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Time to Change the Faces on Our Money

It’s been loud lately. The tragic popping of gunfire from criminal minds in Paris and Alberta and from Canadian troops in Iraq, along with the sucking sound of the latest oil boom going bust have been loud indeed. Lost in the din have been two related arguments that deserve some attention.

The first began with Sir John A. Macdonald’s 200th birthday. Many commemorated our first prime minister as a visionary. Others castigated him as a racist. The second was stirred by a letter from NDP MPs Niki Ashton and Murray Rankin to Bank of Canada Governor Stephen Poloz in support of an effort begun a year ago by Victoria’s Merna Forster to have more women, such as the Famous Five, on our money.

The arguments are related because they go to the heart of our nationhood. Those we choose to celebrate in books or bronze, or on whatever that sticky polymer stuff passing as paper money is, say a great deal about the character traits and achievements we believe represent the best of us.

So perhaps we should remove Sir John from our money. But then, William Lyon Mackenzie King is on our 50, yet in the Second World War he interned Japanese-Canadians who had committed no crimes. Sir Robert Borden is on our 100, yet he approved his party’s virulently anti-Asian British Columbia campaign under the slogan “White Power.” Should they be removed from our money too?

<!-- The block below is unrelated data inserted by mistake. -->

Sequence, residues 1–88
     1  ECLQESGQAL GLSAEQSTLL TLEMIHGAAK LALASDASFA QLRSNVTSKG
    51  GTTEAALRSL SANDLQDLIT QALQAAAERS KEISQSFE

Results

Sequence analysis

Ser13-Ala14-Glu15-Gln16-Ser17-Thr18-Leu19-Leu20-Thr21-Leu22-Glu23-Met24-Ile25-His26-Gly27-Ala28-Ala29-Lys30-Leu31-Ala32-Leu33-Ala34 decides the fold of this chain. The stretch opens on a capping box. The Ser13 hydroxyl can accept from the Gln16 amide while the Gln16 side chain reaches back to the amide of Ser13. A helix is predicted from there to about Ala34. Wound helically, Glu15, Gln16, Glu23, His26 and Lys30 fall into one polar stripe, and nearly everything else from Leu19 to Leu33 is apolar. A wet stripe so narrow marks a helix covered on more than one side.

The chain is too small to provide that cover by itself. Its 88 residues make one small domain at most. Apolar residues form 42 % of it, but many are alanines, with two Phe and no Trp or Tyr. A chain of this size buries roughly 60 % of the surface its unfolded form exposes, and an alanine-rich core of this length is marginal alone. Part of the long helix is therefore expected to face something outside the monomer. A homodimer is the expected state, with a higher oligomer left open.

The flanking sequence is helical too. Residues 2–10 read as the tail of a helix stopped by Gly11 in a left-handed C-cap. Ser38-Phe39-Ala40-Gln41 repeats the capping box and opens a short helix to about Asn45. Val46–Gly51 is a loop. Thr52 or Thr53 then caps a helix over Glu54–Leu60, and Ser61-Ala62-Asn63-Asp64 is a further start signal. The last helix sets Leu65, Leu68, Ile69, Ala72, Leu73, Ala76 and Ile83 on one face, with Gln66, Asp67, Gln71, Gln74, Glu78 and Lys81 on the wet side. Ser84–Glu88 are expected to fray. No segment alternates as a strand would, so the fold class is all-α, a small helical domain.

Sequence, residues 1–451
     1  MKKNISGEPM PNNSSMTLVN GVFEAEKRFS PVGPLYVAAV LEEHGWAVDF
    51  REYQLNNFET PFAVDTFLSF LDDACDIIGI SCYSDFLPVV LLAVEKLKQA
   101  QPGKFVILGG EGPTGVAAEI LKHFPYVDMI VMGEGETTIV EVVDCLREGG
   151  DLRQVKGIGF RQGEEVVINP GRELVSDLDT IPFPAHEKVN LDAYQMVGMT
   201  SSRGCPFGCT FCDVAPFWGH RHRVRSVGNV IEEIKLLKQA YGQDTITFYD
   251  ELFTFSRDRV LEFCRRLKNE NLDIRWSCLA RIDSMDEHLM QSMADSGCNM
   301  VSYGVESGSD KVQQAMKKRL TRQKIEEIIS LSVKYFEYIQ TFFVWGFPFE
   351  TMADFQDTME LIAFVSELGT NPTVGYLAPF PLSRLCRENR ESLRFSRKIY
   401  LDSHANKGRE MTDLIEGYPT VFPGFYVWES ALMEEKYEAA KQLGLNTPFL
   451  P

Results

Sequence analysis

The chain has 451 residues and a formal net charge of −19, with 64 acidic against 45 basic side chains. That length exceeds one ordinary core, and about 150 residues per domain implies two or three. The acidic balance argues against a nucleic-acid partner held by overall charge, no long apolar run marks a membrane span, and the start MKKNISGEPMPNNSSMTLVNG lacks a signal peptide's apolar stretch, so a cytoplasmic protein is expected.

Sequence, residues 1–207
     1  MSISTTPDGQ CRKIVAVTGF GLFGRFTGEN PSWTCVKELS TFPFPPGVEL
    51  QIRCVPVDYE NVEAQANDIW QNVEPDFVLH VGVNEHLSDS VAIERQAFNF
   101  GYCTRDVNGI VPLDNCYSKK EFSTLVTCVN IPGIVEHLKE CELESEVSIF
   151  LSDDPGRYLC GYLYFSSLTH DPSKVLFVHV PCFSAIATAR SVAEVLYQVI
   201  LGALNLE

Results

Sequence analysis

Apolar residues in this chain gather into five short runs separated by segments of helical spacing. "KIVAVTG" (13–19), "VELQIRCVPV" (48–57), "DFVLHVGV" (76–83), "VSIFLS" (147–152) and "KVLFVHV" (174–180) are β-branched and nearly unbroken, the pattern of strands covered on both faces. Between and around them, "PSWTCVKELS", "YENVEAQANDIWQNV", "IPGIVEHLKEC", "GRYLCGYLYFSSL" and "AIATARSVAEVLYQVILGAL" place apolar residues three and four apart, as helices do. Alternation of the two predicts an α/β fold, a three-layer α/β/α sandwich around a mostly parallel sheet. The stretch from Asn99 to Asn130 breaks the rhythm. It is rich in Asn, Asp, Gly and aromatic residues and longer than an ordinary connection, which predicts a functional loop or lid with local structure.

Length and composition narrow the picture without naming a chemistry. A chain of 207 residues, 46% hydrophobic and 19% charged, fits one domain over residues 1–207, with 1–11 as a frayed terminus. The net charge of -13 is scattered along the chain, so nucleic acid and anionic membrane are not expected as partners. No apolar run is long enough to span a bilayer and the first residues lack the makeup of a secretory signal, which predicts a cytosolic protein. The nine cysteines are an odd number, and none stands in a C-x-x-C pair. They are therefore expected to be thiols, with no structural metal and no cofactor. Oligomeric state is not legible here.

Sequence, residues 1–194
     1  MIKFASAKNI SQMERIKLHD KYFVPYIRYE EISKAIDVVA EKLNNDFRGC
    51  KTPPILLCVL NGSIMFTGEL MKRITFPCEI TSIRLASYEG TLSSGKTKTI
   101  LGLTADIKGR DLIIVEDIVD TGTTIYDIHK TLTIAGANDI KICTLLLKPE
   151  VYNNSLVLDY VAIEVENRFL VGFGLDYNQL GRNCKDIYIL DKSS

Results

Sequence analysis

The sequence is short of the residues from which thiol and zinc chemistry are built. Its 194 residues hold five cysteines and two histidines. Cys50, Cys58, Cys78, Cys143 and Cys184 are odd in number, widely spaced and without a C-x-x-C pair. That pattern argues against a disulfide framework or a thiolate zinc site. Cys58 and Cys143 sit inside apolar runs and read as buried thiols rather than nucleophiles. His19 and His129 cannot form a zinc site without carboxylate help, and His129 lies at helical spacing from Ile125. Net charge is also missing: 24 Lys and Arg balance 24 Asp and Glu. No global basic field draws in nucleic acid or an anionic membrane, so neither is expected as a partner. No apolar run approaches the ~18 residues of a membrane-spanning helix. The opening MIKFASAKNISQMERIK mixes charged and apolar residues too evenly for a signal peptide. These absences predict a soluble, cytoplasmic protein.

Oscar Peterson banknote

Queen Elizabeth is the only woman currently on our currency. But does our sovereign’s visage remind us of our sovereignty’s limits? Does she represent a political system based on the hereditary passage of power that contradicts current Canadian values and has passed its best-before date? Accordingly, should she be removed from our money?

And what of the Famous Five? Their fame began when Edmonton’s Emily Murphy was appointed Canada’s first female police magistrate. Shortly afterward, an uppity male lawyer said she was unqualified because the constitution listed “Persons” who could be judges with the implication that they were male. Murphy and her Alberta friends took the case all the way to Britain’s Judicial Committee of the Privy Council where, in 1929, it was determined that women were Persons. It was an enormous step for women and toward citizenship and equality for all.